The central thrust of this article is to present the results of transient concentration response analyses to undesirable contaminant releases in the vicinity of the outdoor air (OA) intake, or directly into occupied zones. In the analyses, it is assumed that a facility is served by either an all-air VAV system or a DOAS. Filtration efficiency is varied in the analyses to reflect the potential for different filter efficacies, depending on the contaminant released.
DOAS And SafetyThe DOAS delivers 100% OA to each individual space in the building via its own duct system at flow rates generally as dictated by ASHRAE 62.1-2004 or higher. Elevated design ventilation flow rates may be necessary for latent load control, or to garner LEED® green building points. Based upon the requirements of ASHRAE 90.1-2004, most DOAS applications require the use of total energy recovery. As a general rule, a DOAS operates at constant volume during all occupied hours.
Consequently, for most applications, the DOAS is not capable of meeting all of the thermal loads in the space by itself, and requires a parallel system to accommodate any sensible and latent loads it can’t accommodate. The DOAS is not to be confused with what is commonly called a 100% OA system, whose flow rate is selected to meet the entire building sensible and latent loads. In other words, a DOAS generally delivers only about 20% as much air to a space as a 100% OA system.
The thermodynamic state of the delivered air varies, but as a minimum it should condition the air to the desired space dewpoint temperature (DPT), thus decoupling much of the latent load from the parallel system charged with the bulk of the space sensible load control.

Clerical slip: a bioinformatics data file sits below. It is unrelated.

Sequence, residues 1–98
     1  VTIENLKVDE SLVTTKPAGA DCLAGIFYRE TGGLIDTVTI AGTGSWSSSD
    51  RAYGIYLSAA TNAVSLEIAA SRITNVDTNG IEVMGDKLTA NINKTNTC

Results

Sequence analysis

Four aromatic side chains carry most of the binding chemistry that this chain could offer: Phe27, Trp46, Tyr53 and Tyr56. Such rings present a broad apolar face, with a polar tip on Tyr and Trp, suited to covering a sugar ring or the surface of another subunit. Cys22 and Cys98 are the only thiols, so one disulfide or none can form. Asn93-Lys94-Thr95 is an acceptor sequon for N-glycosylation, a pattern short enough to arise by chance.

From a security point of view, the constant volume DOAS leads to predictable pressure differentials (including neutral, if desirable) between adjoining spaces or zones, thus minimizing the potential for interzonal transfer of airborne material. Also, since it does not use any recirculated air, airborne material that may be present in one zone is not immediately distributed throughout a facility by the mechanical system as is common with mixing air systems (such as VAV). Finally, since the volume of air introduced into the building, in most cases, is only about 20% that of all-air mixing systems equipped with air side economizers, the first cost of OA filtration/treatment equipment (even with an improved efficiency rating) and associated added fan energy is less.
The selection of the parallel system for security is important. From that perspective, the best choices in order of safety are:
- Chilled ceilings (no air movement)
- Active or passive chilled beams (local in zone air movement only)
- Fancoil units
- Water-source heat pumps (WSHP)
- Other packaged terminal equipment
Many configurations are called DOAS, but they are certainly not all as described above.
DOAS and displacement ventilation (DV) are often confused as competitors. In its original conception, DV provided conditioned OA introduced at low velocity at floor level. Under that definition, DV could be viewed as a delivery vehicle just as a high induction overhead ceiling diffuser is. And either could be served by a DOAS.
A rich source of information about DOAS can be found at http://doas-radiant.psu.edu.
The Facility And Assumptions For The AnalysesConsider a 20,000-sq-ft facility with 10-ft high ceilings (Figure 1) consisting of a two-zone perimeter region: 1,000-sq-ft Zone 1 and 9,000-sq-ft Zone 2, respectively. The facility also has a large interior 10,000-sq-ft Zone 3. For the sake of the illustration, the following air-flow rates will be used in the analysis:
- Perimeter Zones 1 and 2 each receive 1 cfm/sq ft of supply air via a shut-off box VAV system (herein referred to as a VAV system)
- Interior Zone 3 receives 0.6 cfm/sq ft of supply air via a VAV system
- OA flow for both the VAV and DOAS cases is 4,000 cfm, which is an average of 0.2 cfm/sq ft
- Total supply air for the facility: 16,000 cfm for a VAV; and 4,000 cfm for a DOAS
The analysis is based upon the following additional assumptions:
- Well-mixed zones (i.e., uniform concentrations)
- No interzonal transfer (e.g., neglect influence of pressure differentials, human activity, and or infiltration/exfiltration)